Most of the complaints people have about ‘religion’ seem to actually be about ‘religious organizations’. For instance, the Roman Catholic Church isn’t a religion – it’s a religious organization. It has financial officers and secretaries and owns a bunch of stuff that it manages. There are plenty of Catholics who aren’t Roman – Catholic Christianity is ‘a religion’ in the way Hinduism is – an umbrella term that includes several specific religious traditions and a number of organizations. ADF isn’t ‘a religion’ – we’re an organization created to build and promote Pagan Druidry, or whatever we might call it this week.

So when a magician or witch takes up any orderly work of relating with the spirits, of doing regular meditation and trance, of group celebratory or worship ritual, she is doing some religion. Perhaps it might be possible for some folks to kind of duff at it, taking a little here and there as they please, and have that be sufficient for their spiritual support. But I think many Pagans are in it for the doing of it, and end up looking for a more focused spiritual practice – that is, a religion. So face it, if you’re in a coven or worship group, or even if you just work alone at your home shrine, you’re doing religion. You may not create a religious organization for it, though some level of organization is inevitable if a group continues, but what you’re doing is religion in every sense.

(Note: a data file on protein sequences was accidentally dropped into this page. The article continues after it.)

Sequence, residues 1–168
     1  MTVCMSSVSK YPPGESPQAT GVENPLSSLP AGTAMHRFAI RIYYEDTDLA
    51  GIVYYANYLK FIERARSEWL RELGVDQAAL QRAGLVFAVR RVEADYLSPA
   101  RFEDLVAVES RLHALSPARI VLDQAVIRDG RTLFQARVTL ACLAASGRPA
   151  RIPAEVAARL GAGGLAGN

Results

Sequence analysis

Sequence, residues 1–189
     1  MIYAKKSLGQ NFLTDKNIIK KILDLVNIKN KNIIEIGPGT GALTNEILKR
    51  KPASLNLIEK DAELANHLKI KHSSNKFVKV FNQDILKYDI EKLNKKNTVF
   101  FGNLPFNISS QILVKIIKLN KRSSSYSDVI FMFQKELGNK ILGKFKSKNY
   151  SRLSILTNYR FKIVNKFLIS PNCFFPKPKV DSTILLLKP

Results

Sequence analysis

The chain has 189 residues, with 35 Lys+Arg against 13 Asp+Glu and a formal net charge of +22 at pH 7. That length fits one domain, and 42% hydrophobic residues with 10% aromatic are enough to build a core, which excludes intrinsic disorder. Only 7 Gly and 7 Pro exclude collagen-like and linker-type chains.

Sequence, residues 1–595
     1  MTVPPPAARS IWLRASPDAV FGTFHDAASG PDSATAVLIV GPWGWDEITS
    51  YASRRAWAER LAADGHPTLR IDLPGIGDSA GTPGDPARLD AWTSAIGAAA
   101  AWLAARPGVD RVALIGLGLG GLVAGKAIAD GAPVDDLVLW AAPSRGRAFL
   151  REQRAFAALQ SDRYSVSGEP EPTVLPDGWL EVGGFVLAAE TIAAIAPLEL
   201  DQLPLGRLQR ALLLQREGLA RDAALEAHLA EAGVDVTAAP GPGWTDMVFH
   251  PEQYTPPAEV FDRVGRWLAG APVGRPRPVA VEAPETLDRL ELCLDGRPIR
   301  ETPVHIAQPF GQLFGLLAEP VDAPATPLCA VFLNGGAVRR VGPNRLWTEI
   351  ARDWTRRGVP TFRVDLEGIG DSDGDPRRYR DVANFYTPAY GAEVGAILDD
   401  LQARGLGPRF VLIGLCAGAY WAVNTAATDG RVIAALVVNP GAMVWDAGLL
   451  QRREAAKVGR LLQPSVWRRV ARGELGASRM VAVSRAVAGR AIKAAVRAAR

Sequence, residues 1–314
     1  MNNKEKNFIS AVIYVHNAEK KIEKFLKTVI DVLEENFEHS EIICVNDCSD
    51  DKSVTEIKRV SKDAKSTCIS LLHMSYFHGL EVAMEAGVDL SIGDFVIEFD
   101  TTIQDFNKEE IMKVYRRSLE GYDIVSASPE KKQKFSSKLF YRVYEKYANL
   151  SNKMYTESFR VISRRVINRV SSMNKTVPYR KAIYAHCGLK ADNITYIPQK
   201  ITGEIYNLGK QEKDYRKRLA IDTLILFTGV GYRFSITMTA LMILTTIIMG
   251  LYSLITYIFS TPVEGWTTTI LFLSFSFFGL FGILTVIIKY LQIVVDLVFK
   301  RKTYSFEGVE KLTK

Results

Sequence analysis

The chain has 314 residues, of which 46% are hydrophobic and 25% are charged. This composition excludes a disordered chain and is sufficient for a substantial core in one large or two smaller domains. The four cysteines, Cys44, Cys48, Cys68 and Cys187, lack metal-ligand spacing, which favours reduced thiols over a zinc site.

A religion involves a body of skills that a person must work with. From simply knowing the prayers, small rites and symbolism of the path, to study of its texts and sources, to higher-order skills such as bigger or public ritual, meditation and trance, etc, religions require effort and attention on the part of their folk. That’s because they are training systems, meant to allow the individual to develop their own spirituality.